Contemporaries: Roger Redgate
The first piece of Roger’s that I heard was the gripping oboe solo Ausgangspunkte, written for his brother Chris. Although composed twenty years ago, it has all the hallmarks of his mature style, and still sounds as striking today, featured in the recent Bmic Cutting Edge series. It is a classic of the ‘new complexity’ genre that Redgate helped to forge, along with such composers as Michael Finnissy and Richard Barrett, his co-director of the groundbreaking Ensemble Exposé. Like the music of Brian Ferneyhough, with whom he studied in Germany, the piece makes huge demands on the skill and endurance of the performer, but the element of sheer display is tempered by a strong sense of direction and control – and even, paradoxically, of restraint. It opens up a line in his career towards such exhilarating solos as +R for clarinet, written ten years later.
En route came Pas au-delà for piano which, despite its undoubted rigour of construction and its purely modernist aesthetic, has something of the natural, exuberant virtuosity of the best improvisation (reflecting perhaps his interest in the music of Anthony Braxton and Ornette Coleman) – even unleashing the unashamed ‘big climax’ of register and dynamics that such music often seems to call for.
Incorporating this flowing, intense and personal language into ensemble music seems to have taken a little longer. Although his String Quartet No 1 (1983) has a subtle and elusive quality that is characteristic of him, the initial impression is of a very Webern-like use of the angular yet lyrical phrases, carefully spaced and with persistent fluctuations of tempo. Only towards the end, a long accelerando leads to a climax which looks and sounds more like Ferneyhough, the piece’s dedicatee; there then follows an even longer slowing and disintegration into complex, sparse and novel string textures that are completely his own. The journey of the piece seems to parallel the distillation of a new, refined personal language from more generalised historical antecedents.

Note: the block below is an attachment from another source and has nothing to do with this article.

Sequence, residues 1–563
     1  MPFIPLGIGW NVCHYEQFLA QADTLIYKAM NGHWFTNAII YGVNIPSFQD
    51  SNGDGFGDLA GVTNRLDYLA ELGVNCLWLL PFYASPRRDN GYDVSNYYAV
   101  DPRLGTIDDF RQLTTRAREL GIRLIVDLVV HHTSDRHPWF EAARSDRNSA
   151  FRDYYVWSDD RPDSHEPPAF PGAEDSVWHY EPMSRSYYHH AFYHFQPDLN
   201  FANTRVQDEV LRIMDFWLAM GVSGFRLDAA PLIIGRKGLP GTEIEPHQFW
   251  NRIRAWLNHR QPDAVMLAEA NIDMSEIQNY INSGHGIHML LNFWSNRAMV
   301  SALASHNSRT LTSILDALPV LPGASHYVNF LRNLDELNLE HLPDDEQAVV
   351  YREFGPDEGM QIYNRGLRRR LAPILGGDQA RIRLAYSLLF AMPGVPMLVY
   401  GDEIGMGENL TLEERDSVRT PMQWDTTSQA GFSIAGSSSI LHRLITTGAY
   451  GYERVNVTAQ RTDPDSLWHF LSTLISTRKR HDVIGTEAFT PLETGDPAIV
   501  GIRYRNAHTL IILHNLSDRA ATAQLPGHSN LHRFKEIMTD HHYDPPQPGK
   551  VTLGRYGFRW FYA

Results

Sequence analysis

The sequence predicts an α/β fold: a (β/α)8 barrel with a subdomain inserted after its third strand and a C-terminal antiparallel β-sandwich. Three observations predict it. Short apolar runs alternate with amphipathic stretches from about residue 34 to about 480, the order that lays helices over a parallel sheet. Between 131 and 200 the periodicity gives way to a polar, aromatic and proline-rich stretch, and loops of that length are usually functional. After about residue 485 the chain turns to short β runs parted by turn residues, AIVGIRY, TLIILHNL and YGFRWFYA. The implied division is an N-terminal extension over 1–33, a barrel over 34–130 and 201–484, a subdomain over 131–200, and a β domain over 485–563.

Vers-Glas for 14 amplified voices (1990) seems more assured, consisting of very beautiful, hovering harmonies that alternately coalesce and disperse in an almost exhaustive array of vocal sounds, sometimes gelling into a unity of line, only to burst away in fragmented groupings. It is music that is meditative in the true sense: never sloppily dreamy, but intense, taut and rich in detail.
Pierrot on the Stage of Desire (1998) for chamber ensemble has a dramatic energy that shows another side of the composer. The instruments speak as individual, often conflicting characters in a Commedia dell’Arte play – the almost diabolical perversity of spirit seems to pay tribute to Pierrot Lunaire by way of Le Marteau. It has the intricate energy of a long piece condensed down in some alchemical reduction in which the elements dance and spin together.
Roger Redgate’s music may be highly refined and ‘musicianly’, but it is far from abstract or detached, engaging as it does with the art, writing and philosophy of today and the recent past in a manner more commonly associated with composers in continental Europe. His range extends to music for film and television, collaborations with experimental rock and performance art, and he is in demand as a conductor as well as teaching composition and writing about music. Although not yet exactly high profile or at least highly fashionable in Britain, his pieces are already quietly establishing themselves internationally as a group of works that repay many hearings. When the dust settles, it is composers such as this who will emerge as having something lasting to say.
Ross Lorraine 2000
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